Today on Inspiring Startups, we talk to a Rubaba, a graduate from the University of Ghana – who after losing her job did not sit idle waiting until someone linked her to another, but rather decided to start a business she had been nurturing since her schooldays.
Rubaba Sule-Braimah is a product of the Aburi Girls Senior High School where she studied General Arts. Thereafter, she went to the University of Ghana and graduated with a degree in Psychology, Philosophy and Classics in 2014. Then, she continued with her national service at a communication technology company where she worked for almost three years. But, unfortunately for her, the company had to downsize and she was among those axed.
Well, sometimes a bad situation comes as a blessing in disguise. It gave her the time to pursue a business idea that came to mind a few years back when she was in university.
“I remember when I was in university I once told people in my household that I want to go natural—whatever I use on my body should be natural. So, anytime that I had any skin or hair condition, I searched online to find natural remedies. As I kept searching, I realised that coconut oil kept running through all the materials I read and watched online. So, I asked my mother to get one for me from town and when she brought it, I didn’t like it because it had a pungent smell.”
Rubaba then thought about doing her own to see if it would come out well. She got some coconuts and logged onto YouTube to watch some videos on how to make coconut oil. The results amazed her! The oil was so clear and had no foul smell. So she poured them into a small container and showed to her friends. They loved it and encouraged her to produce more, but she didn’t have the motivation from home, at the time, to commercialise it.
So, it was after she was made redundant at her job that the thought of making the business commercial came to mind, as she had all the time she needed at her disposal.
But as a serious budding entrepreneur, she didn’t remain satisfied with just doing coconut oil; she decided to spread her tentacles to other products made from coconuts.
She enrolled in the Ghana Soap School in Accra to learn how to formulate body and hair creams. Then she registered her business with the name Rudis Essentials.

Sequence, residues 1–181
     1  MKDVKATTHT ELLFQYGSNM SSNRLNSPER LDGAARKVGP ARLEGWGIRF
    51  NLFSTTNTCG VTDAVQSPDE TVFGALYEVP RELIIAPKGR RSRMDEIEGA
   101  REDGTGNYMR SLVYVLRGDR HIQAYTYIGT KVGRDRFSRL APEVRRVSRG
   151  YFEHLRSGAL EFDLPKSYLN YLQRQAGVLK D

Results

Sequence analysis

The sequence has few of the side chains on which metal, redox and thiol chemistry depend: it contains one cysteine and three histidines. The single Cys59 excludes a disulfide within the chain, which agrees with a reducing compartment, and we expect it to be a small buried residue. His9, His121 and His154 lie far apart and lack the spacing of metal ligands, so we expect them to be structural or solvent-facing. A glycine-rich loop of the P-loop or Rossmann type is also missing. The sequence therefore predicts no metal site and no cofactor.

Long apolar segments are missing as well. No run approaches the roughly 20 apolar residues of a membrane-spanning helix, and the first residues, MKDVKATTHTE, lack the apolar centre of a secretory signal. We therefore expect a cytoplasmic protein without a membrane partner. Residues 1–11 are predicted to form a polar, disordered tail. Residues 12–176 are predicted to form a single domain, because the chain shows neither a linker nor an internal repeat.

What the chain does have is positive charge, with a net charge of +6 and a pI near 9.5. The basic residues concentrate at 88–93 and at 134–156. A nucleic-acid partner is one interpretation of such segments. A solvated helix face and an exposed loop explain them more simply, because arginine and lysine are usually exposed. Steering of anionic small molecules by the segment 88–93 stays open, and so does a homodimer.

Currently, Rubaba has added to her collection, lip-balms, carrot oil, hand moisturiser, and face masks, among other things.
Her main way of reaching her customers is through social media. She has accounts on Facebook and Instagram with the name Rudis Essentials, where customers can make orders or enquiries. She also attends fairs to showcase her products to new clients. Again, she supplies her products in bulk to some of the cosmetic shops in Accra.
The vision is to make Rudis Essentials a producer of all skin-care products and make it go international.
One challenge she contends with from day to day is getting the right kind of raw materials, especially, the coconuts.
“Getting the right kind of coconuts is a very tedious task. I have to hand-pick them one-by-one to make sure that they are of the right quality, or else you can be supplied a whole truck of coconuts and more than half will not be suitable for producing the oil.”
Financial constraint is also top on her table of challenges. It takes quite a lot of capital in order to get the right kind of technology and also employ people to help in production. But with limited resources she has to improvise, using the traditional manual methods of production.
How education has helped
“Education has contributed immensely to my business. Sometimes when I attend programmes and I see my products compared to others, I realise the difference is education. Through education I learned packaging is very important to every business, so I make sure that my packaging is on point.
“Then when it comes to promoting my business; I have knowledge in social media marketing so I promote them by myself.
“And even currently, I am taking training from National Board for Small Scale Industries (NBSSI) on book-keeping and other managerial skills to help me run my business.”
How important is economic empowerment of women to the economy?
“I will never stop hammering on the fact that economic empowerment of women is important. One thing that people fail to realise is that women hold the fort in all areas of our lives; so, if women are not empowered economically it affects the economy negatively.”
How government should support women entrepreneurs
“Besides the financial support government should provide for women entrepreneurs, I think they must be helped with training so that they can manage their business well. NBSSI is doing well, but efforts can be stepped-up to cover a lot more people. Aside from that, they can help in providing market linkages for entrepreneurs.”
Advice to the youth
“The corporate world is not for everybody. Young graduates should not rely on only getting jobs there. They should rather think outside the box and see what they have passion for and make it a business. Just because you are a graduate doesn’t mean you should be in an office, you can start something on your own and employ others, too.”
Contact: 024 521 3356